TEACHING YOUR CHILD COPING SKILLS

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What is coping?

Coping refers to what a person does to avoid, remove, lessen or ‘get through’ a stressful or anxiety situation. It’s a set of thoughts, ideas, and behavior that we use to manage difficult circumstances in life. We have good coping skills means we have an in-built mechanism to adjust and manage tough situations and help ourselves maintain personal balance and a feeling of well-being.

Many children have hard times handling their strong emotions like anger, disappointment, loss, rejection. Teaching children coping skills can help them with these struggles.

Children are not born knowing how to handle these strong feelings. It’s the parents’ job to teach them.

Teach your child coping skills:

Teaching your child with the stress and strains of everyday life will not only make him happy and successful; it will also keep him healthier. It’s necessary that your child cultivates good coping skills, a positive attitude, and an adaptable behavior that would surely become a good guide for physical and mental health.

Teach your child problem-solving skills:

Parents can do this by helping the child to understand that there might be more than one solution to a problem and helping him to make good choices.

Teach him to practice deep breathing.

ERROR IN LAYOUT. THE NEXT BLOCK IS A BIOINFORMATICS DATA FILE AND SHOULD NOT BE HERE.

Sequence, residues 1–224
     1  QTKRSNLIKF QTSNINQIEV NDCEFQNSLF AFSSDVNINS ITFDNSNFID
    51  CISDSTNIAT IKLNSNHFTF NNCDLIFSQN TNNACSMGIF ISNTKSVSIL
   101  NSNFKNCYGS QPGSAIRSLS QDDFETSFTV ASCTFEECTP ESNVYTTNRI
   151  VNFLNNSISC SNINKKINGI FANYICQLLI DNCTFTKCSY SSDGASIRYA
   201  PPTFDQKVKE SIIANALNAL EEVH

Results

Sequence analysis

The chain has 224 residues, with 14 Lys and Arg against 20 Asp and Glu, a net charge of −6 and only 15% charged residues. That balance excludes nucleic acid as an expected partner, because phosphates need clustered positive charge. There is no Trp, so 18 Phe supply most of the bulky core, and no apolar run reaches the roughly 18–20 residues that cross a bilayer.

Deep breathing is important because it helps to relax our body. It promotes calmness and renders the correct rhythm and balance to the body. It communicates to us we are OK and safe.

Teach them the advantages of positive self-talk.

How we talk to ourselves affects everything: It sends the required positive vibes through our body. It has an assuring effect on our thinking mechanism. 

Let children know if we engage in negative self-talk; we are likely to invite negativity in all our actions and activities. 

Help them understand that negative thoughts aren’t the truth, and there is every possibility to change them, and they have the power to change to something supportive.

Teach your child; he is competent and capable.

You can teach your child to develop confidence and coping skills by:

Set reasonable expectations so that your child feels successful.

Praise for his results and his attempts.

Avoid negative remarks for any of his setbacks.

Make him understand that failure can be an important learning experience.

When we teach the children different strategies and skills to cope, we equip them with valuable tools to navigate real challenges – tools they’ll carry along into young adult life. We teach them to accept themselves as they are, respect their emotions. And these could become priceless lessons when they enter adulthood.

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